Introduction. Systemic lupus erythematosus (SLE) is a chronic autoimmune disease of unknown origin, characterized by multisystemic involvement and a potentially severe evolution. Pulmonary arterial hypertension (PAH) is a rare complication of SLE, with low 5-year survival.
Case presentation. We are presenting the case of a female patient, aged 56 years old, diagnosed in 1992 with SLE with cutaneous manifestations (butterfly-shaped erythematous rash), joint manifestations (polyarthritis), serositis manifestations (massive pleuropericarditis), and immunological manifestations (positive anti-dsDNA antibodies, decreased C3), ignored therapeutically for a long time. In 2010 she complained of dyspnea on medium exertion and leg edemas, with marked increase of PAPs by echocardiography. She was diagnosed with severe PAH (confirmed by right heart catheterization) and in the “Marius Nasta” National Institute of Pneumology she started a treatment with an endothelin receptor antagonist (Bosentan) in combination with a prostacyclin receptor agonist (Selexipag). Since 2013 the patient is on oral anticoagulant treatment for permanent atrial fibrillation.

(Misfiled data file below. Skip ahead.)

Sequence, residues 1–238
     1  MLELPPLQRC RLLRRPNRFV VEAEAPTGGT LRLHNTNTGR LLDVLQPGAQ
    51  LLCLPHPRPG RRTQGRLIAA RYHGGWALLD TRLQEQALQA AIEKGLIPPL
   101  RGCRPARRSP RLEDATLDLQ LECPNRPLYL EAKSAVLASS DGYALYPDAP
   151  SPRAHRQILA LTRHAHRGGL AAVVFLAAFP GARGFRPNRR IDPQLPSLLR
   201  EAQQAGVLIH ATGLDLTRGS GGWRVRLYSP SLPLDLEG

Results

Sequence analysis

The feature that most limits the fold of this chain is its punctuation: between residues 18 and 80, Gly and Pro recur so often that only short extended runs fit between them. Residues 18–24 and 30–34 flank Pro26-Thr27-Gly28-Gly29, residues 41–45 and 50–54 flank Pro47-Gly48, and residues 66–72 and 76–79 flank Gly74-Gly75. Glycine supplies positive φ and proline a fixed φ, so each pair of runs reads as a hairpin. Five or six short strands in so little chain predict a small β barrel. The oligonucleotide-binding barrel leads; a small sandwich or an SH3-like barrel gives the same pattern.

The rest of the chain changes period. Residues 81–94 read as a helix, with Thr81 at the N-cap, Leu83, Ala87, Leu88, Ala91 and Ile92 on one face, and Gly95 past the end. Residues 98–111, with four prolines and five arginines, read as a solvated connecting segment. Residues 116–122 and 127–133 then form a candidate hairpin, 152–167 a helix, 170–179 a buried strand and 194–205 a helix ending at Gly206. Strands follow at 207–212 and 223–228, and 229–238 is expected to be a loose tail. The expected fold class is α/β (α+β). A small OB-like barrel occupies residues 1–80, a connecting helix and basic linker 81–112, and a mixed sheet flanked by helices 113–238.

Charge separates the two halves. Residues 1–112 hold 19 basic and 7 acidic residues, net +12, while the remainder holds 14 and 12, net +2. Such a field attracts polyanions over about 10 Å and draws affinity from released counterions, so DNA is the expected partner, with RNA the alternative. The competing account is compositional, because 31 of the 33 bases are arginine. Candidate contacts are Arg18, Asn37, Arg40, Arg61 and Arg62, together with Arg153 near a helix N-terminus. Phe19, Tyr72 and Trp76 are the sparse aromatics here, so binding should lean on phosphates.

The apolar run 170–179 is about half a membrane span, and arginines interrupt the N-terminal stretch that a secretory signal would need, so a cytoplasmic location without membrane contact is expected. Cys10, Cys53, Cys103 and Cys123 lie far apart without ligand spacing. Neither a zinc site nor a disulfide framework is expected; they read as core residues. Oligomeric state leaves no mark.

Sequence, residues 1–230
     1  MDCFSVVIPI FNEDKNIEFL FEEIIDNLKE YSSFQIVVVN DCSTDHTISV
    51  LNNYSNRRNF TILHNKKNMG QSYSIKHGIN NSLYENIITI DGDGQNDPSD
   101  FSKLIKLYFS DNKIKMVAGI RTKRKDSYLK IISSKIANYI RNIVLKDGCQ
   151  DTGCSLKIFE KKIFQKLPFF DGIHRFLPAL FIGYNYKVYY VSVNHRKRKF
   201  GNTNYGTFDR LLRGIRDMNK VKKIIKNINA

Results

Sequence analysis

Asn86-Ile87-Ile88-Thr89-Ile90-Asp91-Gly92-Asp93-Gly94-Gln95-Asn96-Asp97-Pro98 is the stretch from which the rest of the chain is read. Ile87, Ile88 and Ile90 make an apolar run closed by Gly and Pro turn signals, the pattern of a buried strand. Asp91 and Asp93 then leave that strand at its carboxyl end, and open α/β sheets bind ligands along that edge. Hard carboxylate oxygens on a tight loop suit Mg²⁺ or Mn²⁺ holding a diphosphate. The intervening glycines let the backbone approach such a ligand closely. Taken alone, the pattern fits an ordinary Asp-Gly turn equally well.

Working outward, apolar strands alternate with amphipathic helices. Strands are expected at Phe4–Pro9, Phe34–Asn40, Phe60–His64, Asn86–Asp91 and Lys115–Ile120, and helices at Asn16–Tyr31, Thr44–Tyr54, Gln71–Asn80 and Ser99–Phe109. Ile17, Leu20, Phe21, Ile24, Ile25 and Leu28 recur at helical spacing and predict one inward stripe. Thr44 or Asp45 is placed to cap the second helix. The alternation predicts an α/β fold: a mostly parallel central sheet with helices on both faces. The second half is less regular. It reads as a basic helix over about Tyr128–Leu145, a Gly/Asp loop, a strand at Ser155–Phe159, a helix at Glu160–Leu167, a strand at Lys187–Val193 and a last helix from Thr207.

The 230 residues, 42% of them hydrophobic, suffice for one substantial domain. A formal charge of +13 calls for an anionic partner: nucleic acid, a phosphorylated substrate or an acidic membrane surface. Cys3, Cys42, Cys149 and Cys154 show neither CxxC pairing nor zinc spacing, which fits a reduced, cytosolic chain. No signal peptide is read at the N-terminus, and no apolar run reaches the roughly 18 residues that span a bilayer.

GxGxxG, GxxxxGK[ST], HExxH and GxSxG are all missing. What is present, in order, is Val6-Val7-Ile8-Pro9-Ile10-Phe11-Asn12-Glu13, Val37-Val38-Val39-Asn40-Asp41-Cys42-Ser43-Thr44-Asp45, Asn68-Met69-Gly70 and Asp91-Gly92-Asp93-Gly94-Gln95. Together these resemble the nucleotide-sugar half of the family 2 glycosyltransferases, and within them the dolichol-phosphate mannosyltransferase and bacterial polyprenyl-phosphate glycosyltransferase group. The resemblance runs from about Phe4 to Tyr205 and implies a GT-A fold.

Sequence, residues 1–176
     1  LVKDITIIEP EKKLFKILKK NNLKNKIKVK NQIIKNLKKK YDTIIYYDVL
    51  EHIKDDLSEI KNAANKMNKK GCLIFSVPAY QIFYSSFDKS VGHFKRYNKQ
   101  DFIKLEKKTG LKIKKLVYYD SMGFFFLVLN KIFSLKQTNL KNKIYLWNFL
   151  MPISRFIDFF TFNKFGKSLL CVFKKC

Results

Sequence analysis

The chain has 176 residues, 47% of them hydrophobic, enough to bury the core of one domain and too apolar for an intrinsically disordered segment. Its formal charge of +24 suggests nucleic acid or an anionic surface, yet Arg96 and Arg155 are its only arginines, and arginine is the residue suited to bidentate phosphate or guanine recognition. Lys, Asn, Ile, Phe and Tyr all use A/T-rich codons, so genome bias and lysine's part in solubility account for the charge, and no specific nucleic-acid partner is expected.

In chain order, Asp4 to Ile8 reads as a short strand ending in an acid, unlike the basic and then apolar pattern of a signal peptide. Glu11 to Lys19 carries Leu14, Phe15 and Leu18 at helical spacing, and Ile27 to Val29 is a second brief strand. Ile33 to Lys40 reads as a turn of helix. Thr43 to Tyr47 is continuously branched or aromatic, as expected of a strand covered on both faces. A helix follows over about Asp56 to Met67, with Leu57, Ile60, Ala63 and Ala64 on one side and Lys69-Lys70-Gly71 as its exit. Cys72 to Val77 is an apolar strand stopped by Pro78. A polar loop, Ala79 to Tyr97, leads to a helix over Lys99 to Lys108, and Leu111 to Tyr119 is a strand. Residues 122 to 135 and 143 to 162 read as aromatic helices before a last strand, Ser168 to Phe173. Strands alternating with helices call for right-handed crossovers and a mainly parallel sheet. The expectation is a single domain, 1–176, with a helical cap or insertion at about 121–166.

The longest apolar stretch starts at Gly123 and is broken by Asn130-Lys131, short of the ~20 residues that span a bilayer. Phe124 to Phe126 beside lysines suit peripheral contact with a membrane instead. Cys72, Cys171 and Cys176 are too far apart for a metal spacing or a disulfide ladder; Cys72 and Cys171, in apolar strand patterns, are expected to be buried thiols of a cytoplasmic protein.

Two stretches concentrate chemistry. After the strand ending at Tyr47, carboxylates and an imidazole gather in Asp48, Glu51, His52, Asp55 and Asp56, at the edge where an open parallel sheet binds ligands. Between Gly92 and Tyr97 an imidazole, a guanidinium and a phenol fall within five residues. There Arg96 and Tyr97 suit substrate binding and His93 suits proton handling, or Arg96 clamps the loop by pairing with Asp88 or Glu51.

In 2015 she was referred back to out clinic as she complained of recurrent episodes of massive ascites with evacuatory paracenteses in amounts of about 6-9L per paracentesis. After excluding other causes, ascites was considered to be secondary to the SLE, and a treatment was initiated with Hydroxychloroquine (HCQ) and pulse therapy with Methylprednisolone, on which the remission of the ascites was achieved during the following months. Currently, the SLE is well controlled without recurrence of ascites on treatment with HCQ and gradual decrease until stopping of cortisone doses, and the PAH is stable.
Conclusion. PAH is a rare complication of the SLE, with a complex pathophysiological immune mechanism, for which - together with the specific vasodilator treatment - the increase of immune suppression is recommended.
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